The most highly rated sitcom in the
US at present is The Big Bang Theory, now in its 6th
season. The main characters are
scientists who are brilliant in their various fields, but who (despite their
charmingly child-like affection for comic books, video games, and scifi) lack
basic social skills and common sense. The comic foil is Penny, the
actress/waitress who lives across the hall, and who is their opposite in almost
Outside of sitcoms, is there any truth to the stereotype of eccentricity and everyday ineptitude among the brightest of the bright? Most of us know someone who fits the description, and we’ve all heard anecdotes. Mathematician/philosopher Bertrand Russell, for example, was unable to follow his wife’s directions for steeping tea while she was away. Albert Einstein filled his closet with identical shirts, pants, and jackets in order to avoid making a fashion mistake. Dean Kamon, who has hundreds of patents and inventions (including the Segway Scooter), has declared the Connecticut island on which he lives to be the independent Kingdom of North Dumpling, and has issued currency in units of pi. Are they exceptions? Not really. A bit extreme, perhaps, but otherwise unsurprising.
An interesting and readable book on the subject is The Intelligence Paradox: Why the Intelligent Choice Isn’t Always the Smart One by Satoshi Kanazawa.
Kanazawa is an
evolutionary psychologist at the London School of Economics and is Associate
Editor of the Journal of Social,
Evolutionary, and Cultural Psychology. Much of what he has to say is
controversial, but none of it is simple assertion; he bases his conclusions on
studies (a few of them his own) and data, and cites his sources. At the core of
his analysis is the Savanna Principle, which states that humans evolved
instincts and mental predilections to suit our hunter-gather ancestors prior
to 10,000 years ago (the beginnings of agriculture), and that these continue to
motivate us today. In the aspects of life that are not novel in evolutionary
terms – making friends, dealing with enemies, caring for offspring, finding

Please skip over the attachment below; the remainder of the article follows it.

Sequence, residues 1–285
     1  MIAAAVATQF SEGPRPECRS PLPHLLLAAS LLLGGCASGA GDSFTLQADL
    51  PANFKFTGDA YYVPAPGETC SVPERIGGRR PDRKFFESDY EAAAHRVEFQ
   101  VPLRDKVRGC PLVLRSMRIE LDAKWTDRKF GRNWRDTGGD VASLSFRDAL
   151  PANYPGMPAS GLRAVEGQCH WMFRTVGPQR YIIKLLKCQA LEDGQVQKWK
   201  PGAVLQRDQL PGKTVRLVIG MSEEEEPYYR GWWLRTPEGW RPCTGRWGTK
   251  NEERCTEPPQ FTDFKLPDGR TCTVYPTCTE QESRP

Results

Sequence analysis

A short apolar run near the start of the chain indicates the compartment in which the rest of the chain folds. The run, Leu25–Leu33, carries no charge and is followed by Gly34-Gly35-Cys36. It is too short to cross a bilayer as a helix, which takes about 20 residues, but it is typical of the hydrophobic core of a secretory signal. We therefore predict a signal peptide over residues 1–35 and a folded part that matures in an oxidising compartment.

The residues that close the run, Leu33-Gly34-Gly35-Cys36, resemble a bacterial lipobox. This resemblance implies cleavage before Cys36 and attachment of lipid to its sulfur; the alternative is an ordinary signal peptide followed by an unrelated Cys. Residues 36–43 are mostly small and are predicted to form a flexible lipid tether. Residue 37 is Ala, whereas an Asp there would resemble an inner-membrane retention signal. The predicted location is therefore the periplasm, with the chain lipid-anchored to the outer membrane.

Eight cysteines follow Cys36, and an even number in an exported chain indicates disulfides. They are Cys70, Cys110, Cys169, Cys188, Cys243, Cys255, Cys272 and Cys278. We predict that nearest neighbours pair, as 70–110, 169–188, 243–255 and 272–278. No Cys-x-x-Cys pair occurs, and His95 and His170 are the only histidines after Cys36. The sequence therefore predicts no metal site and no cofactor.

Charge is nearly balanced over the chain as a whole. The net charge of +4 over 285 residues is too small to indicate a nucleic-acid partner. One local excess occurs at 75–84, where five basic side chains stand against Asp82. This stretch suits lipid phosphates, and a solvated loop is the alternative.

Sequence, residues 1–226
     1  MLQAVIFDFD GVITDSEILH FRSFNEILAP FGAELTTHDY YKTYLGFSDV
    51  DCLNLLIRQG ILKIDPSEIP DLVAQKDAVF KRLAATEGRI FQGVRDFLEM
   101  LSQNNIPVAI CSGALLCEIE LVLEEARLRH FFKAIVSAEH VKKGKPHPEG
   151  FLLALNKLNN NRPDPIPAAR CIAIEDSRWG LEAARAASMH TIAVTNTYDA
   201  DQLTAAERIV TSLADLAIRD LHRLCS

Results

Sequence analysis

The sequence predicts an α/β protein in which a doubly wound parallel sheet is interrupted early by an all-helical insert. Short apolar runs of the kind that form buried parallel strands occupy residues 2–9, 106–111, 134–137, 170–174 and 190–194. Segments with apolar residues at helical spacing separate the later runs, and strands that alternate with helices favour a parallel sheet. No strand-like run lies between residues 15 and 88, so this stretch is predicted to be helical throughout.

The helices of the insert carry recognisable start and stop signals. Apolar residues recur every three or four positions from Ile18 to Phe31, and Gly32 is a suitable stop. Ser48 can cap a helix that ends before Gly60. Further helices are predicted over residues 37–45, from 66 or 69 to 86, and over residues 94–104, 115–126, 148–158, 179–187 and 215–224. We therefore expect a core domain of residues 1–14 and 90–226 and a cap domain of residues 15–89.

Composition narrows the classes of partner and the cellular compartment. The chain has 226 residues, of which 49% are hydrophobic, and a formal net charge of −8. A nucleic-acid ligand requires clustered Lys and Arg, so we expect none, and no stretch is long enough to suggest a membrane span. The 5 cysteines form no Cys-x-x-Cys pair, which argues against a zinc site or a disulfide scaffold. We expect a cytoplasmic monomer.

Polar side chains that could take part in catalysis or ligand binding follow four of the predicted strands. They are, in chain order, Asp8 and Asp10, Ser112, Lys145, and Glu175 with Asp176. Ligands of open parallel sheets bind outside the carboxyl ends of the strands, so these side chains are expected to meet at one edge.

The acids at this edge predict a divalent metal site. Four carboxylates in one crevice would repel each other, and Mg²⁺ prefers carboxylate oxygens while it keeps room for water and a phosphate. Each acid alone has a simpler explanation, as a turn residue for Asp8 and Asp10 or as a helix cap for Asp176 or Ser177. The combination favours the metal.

mates, etc. – high intelligence is no advantage; “common sense,” which is
another way of saying our evolved predispositions, serves us better. High intelligence
is useful in dealing with novel situations for which behaviors could not have
evolved, since evolution requires long-term repeated exposure over many
generations to work. It would be useful, for example, in figuring out how to
cross a swollen river with a raft, which would not be a daily occurrence. Today,
nearly all of us live in a deeply unnatural environment – an evolutionarily
novel environment – and intelligence is highly correlated with success in
laboratories, academics, business offices, and so on, none of which existed on
the savanna. On the other hand, the tendency of intelligent people to bring
intellectual analysis to aspects of life that are not novel in evolutionary
terms often leads them to behaviors and opinions that are at the same time
clever and boneheaded. They fail to employ common sense.
One would predict from the Savanna Principle that very bright people would have no advantage in the age-old pursuit of mates and reproduction. They don’t. Quite the contrary. As an example, 5000 gifted Americans have been tracked since the 8th grade by The Study of Mathematically Precocious Youth – they scored at age 13 more than 700 (out of 800) on the math SAT or more than 630 on the verbal. Nearly all have had exceptional career success, many of them in academia. Yet, 64.9% of the men and 69% of the women remain childless at age 33 compared to 26.4% of the general population. Across the intelligence spectrum – and adjusted for differences in fertility among different cultural groups – from very dull to very bright (very bright = 125 or higher on a standard IQ test, which is to say less than 5% of the population) fertility and likelihood of marriage are inversely related to IQ. Very bright people are the least likely to marry and reproduce, and they have fewer children when they do. You might argue that this difference is by choice rather than from social ineptitude, but that reinforces the point: such a choice is an evolutionarily novel one.
Bright people make plenty of other choices about novel things and circumstances. They are more likely to be vegetarian. They drink more than duller folk, and are more likely to binge drink. (Naturally fermented fruit was part of the diet of our ancestors, but it’s hard to find enough of that to get drunk; purposeful brewing began with farming, which supplied the necessary abundance of fruit and grain, and distilled hard liquors came along only after 700 AD. Without distilling, wine maxes out at 12-15% alcohol, at which point it kills off its own yeast.) They use more illegal drugs. Bright people commit fewer violent crimes, but violence (directed outside of one’s own clan of 20-150) was common on the savanna, and remains so today among modern hunter-gatherers. Such violence predates people. (See October blog Tea and Chimpanzee for video of chimps raiding a neighboring group of chimps and eating the one they catch.) Bright folks commit more white-collar frauds however.
Kanazawa concludes, “Yes, intelligent people make better physicians, better astronauts, better scientists, and better violinists, because all of these pursuits are evolutionarily novel. But these are all the unimportant things in life.”
One could debate that point, but, to return to the first question, the sitcoms might well have it broadly right.
Penny Accompanies Sheldon and Amy on Their First Date. (Video embedding disabled by request, but follow this link to the clip: http://www.youtube.com/watch?v=-TIgftOZwy0 )